Security guards, cleaners and supermarket workers nominated for first Fair Pay Agreements
By Pattrick Smellie
June 25 (BusinessDesk) - Peak trade unions are targeting security guards, supermarket workers and cleaners as the first lowly-paid sectors where new legislation to create nationally binding, sector-wide Fair Pay Agreements should be used.
Some 44,000 people work as cleaners, 6,500 work as security guards, while more than 200,000 people work in the retail sector, of which supermarkets are a significant subset.
"Making sure FPAs are brought in and done properly is the single biggest thing this 'well-being' government can do to help fix the problems including income inequality, child poverty, and low productivity that have caused so many problems for so many New Zealanders for so long," Council of Trade Unions president Richard Wagstaff said.
"There is no economic rationale for the current individualised bargaining framework," Wagstaff said during the launch of a report from the economic consultancy BERL at a joint media conference in Wellington. "However, there is a strong social well-being rationale for sector bargaining."
FPAs were a key recommendation of a tri-partite working group involving government, employers and trade unions, released in January. Workplace Relations Minister Iain Lees-Galloway was reluctant at the time to say when such legislation might be introduced.
Reflecting concern among employer groups that FPAs present a step towards a return to compulsory unionism - industries covered by FPAs would be required to be represented by trade unions - Prime Minister Jacinda Ardern has said there would be no more than "one or two" FPAs in the current term of Parliament.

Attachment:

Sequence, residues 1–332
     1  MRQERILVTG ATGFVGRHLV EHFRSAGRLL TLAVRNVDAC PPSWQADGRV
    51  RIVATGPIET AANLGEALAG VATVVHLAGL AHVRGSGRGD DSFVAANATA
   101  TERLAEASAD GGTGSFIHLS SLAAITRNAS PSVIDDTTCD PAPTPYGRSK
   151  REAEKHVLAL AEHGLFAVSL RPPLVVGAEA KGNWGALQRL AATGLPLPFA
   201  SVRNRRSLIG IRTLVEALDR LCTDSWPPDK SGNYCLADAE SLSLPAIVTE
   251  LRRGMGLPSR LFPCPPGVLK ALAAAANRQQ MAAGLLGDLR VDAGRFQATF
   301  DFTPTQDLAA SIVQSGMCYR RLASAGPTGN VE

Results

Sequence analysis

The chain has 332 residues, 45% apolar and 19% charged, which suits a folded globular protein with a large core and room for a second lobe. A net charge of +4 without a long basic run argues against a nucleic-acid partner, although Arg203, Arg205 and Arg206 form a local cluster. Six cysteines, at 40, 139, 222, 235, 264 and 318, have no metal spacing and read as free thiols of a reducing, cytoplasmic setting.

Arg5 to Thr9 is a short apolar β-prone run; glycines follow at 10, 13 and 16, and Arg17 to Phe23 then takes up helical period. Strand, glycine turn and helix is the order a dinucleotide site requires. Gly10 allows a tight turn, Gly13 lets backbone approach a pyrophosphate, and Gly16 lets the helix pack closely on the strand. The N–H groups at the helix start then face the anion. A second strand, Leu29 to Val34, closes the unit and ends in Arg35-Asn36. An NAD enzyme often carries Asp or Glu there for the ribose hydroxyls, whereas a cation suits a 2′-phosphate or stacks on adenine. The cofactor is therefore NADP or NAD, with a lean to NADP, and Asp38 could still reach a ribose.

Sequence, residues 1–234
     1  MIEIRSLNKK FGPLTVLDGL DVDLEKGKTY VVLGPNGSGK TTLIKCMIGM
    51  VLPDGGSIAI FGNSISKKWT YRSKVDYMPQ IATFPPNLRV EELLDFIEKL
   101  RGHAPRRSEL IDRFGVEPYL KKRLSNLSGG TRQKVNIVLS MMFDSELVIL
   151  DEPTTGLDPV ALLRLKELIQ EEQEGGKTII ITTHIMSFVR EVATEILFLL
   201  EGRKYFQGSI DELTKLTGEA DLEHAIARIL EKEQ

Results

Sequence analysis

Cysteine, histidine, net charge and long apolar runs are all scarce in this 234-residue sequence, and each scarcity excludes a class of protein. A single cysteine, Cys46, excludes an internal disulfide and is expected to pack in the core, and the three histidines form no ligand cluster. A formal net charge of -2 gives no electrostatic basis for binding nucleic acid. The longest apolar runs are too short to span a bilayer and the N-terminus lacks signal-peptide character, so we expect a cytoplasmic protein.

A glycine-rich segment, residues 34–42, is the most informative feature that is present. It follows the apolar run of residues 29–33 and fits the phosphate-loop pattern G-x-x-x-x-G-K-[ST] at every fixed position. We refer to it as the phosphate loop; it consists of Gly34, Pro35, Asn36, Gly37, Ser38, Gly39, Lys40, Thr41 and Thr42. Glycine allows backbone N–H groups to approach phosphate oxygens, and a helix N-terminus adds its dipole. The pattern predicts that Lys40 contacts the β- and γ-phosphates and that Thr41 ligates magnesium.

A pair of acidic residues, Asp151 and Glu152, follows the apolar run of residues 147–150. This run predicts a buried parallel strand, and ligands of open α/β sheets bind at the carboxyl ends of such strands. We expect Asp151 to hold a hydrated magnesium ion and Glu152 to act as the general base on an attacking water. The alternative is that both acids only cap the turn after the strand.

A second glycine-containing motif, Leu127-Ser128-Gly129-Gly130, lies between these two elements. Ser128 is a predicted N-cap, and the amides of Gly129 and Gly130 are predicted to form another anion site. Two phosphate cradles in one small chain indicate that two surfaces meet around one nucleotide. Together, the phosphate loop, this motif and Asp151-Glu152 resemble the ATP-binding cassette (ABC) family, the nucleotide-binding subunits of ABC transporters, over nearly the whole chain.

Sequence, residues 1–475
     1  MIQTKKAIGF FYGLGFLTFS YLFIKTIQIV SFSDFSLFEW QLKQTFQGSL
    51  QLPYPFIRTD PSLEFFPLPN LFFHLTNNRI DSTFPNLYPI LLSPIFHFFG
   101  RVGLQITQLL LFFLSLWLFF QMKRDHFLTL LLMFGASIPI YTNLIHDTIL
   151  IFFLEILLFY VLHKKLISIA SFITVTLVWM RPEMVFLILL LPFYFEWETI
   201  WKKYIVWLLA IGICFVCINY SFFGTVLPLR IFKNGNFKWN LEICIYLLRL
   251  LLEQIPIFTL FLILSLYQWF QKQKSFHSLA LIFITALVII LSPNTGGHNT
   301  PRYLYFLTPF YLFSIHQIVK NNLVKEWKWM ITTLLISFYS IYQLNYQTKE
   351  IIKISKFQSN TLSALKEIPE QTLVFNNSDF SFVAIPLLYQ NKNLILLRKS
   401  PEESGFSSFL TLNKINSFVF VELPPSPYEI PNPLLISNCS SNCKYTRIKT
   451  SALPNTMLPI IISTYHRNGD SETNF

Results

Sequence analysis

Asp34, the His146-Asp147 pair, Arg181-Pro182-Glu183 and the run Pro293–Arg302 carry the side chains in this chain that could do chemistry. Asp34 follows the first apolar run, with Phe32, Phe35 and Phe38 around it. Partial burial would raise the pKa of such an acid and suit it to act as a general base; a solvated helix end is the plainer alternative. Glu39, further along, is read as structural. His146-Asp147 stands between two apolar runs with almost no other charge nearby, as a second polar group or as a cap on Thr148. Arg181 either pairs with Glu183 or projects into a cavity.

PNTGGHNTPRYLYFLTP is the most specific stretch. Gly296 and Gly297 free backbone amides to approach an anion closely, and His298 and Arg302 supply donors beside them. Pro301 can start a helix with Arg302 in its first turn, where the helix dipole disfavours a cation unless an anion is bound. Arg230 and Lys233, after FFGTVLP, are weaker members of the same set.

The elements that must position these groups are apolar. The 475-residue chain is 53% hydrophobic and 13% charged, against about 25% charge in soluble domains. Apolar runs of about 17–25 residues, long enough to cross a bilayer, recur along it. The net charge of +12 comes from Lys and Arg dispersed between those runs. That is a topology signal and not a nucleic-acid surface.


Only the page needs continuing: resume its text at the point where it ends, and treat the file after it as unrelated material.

The BERL report's high-level conclusions include that "organised decentralisation", where collectively negotiated employment agreements set bottom lines with national application, is endorsed by the Organisation for Economic Cooperation and Development, a rich countries' club.
It found no evidence either way that collective bargaining has impacts on productivity.
"Put that to one side," said BERL economist Ganesh Nana. The available evidence suggests that collective wage bargaining is "macro-economically neutral" while "New Zealand's abandonment of sector bargaining in the 1990s is linked to a decline in real wage growth."
The concept of organised decentralisation allowed firms to be flexible in their own sectors and geographies, but in ways that ensure that "it's not a race to the bottom", said Nana. They achieved that by setting a floor "in terms of not just wage levels but in terms of conditions and other elements of the labour market set-up" such as access to training, and setting the frameworks for otherwise excluded groups so that they are not exploited.
This was "quite a shift from old thinking on flexible labour markets where you leave it up to the individual, to having someone set the rules of engagement," Nana said.